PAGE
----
For the Sake of the People and His Presidency, Obama Shouldn't Let AHIP Win

President Obama can't afford to let insurance companies win in the health care fight for reasons related to the pure crass politics of power. Like it or not (and I strongly do not like it), Obama's health care strategy was to cut secret sweetheart deals with all the industry players in exchange for their active political support, pushing for reform. He reached an understanding with PhRMA, the hospital associations, and doctors’ lobbying groups, but reporting indicates that Obama, after spending nearly a year negotiating with health insurance companies to keep them at the table, was never able to reach a formal understanding (although this was not for a lack of trying).

AHIP chose a different path, which went around Obama. They actively whipped up opposition to reform and leaned on a handful of insurance industry-freindly senators to push for the changes they wanted. The insurance industry's strategy in the Senate proved very effective--they killed the public option, which was their top goal. Equally important, they made sure regulator enforcement had no federal oversight and was left to the state insurance commissioners, which AHIP knows they can buy off or out-gun. The lobbyists were even able to preserve the insurance industry's anti-trust exemption. They also managed many smaller, but still important, victories, like selling insurance outside the exchanges, multiple exchanges within a state, a stronger individual mandate, maintaining a rather large age rating 1:3, and making sure the CO-OP idea was crippled with restrictions. From a cold, calculating strategic point of view, AHIP made a smart move not cutting a deal with Obama.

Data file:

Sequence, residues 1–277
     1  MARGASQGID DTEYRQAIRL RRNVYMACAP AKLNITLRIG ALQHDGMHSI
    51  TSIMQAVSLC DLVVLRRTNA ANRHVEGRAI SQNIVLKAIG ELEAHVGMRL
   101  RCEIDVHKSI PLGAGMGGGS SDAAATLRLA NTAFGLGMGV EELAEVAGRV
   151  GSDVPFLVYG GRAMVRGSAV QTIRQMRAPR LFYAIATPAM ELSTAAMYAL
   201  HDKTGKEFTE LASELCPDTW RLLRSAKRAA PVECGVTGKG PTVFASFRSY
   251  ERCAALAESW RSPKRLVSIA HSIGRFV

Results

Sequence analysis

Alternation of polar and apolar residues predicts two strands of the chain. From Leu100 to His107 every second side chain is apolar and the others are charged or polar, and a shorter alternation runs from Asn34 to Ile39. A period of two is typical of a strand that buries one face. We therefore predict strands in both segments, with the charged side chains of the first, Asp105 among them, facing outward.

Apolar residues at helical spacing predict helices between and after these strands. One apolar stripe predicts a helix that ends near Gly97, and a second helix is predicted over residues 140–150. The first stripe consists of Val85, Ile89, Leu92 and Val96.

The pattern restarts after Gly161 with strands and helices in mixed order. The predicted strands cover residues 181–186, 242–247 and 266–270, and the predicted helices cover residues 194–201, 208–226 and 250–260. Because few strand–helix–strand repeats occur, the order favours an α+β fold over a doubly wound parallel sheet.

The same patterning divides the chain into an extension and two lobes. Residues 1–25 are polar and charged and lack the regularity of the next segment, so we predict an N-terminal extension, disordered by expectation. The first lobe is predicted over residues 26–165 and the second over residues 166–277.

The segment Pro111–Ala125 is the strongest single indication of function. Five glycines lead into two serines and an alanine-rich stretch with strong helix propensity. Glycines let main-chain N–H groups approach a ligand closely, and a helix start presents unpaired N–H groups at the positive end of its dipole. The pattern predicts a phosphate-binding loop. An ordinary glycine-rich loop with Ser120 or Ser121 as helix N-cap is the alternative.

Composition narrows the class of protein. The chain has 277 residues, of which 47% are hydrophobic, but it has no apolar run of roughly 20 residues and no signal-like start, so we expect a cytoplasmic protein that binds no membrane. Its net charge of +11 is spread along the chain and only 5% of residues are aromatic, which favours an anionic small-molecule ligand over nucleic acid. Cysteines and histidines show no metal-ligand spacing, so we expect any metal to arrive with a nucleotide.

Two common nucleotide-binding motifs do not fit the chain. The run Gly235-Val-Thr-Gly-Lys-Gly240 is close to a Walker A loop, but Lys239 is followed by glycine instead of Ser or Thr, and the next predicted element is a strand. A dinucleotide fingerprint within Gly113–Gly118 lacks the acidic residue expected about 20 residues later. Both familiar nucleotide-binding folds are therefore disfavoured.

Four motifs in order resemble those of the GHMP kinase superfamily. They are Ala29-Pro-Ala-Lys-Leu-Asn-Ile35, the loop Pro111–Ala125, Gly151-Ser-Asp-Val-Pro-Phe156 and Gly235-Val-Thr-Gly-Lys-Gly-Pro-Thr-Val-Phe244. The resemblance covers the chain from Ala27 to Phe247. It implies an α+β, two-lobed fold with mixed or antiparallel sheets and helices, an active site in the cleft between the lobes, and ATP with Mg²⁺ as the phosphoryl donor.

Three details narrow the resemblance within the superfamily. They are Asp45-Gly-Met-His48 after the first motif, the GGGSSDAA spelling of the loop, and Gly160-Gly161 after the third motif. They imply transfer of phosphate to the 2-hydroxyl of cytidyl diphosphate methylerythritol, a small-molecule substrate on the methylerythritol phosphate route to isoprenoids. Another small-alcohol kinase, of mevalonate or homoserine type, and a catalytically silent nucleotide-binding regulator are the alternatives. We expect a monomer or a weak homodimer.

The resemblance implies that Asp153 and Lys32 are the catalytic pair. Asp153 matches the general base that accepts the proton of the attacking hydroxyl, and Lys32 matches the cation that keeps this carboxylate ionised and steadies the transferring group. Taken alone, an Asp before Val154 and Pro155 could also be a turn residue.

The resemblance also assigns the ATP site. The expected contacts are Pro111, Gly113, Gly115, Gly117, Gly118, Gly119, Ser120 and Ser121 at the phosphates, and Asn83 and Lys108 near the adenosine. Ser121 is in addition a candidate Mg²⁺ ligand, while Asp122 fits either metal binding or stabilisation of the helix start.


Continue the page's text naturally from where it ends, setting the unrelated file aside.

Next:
Obama may let the insurance companies keep their victories because he is desperate to sign any bill, regardless how bad, “labeled health care reform.” But if Obama does let the insurers win, it will spell serious trouble for the next three (or seven) years he is in office. Letting AHIP get away with short circuiting his administration will dramatically undercut his raw power in Washington. Why would any industry try to cut a deal directly with Obama when they know they can get all they want by just buying off a few senators for a fraction of the cost? As big a giveaway as the PhRMA deal was, I bet they are currently asking themselves if they could have done much better going around Obama.

Politically, Obama and the Democrats would be smart to really stick it to the insurance companies. They are very unpopular--43% of Americans don't think reform goes far enough in regulating insurance companies. Striking back at insurers would be very popular with the base. More importantly for Obama, on a political level, he needs to punish those industries that did not cut a deal with him directly. His power is in jeopardy if industries come to the conclusion it is a better investment to deal directly with a handful of senators while ignoring the president. Getting tough on the insurance companies is not just good politics, but important to maintaining Obama's long-term power. The question is, will the desire to get a "win" at any cost result in serious and lasting negative consequences for Obama.

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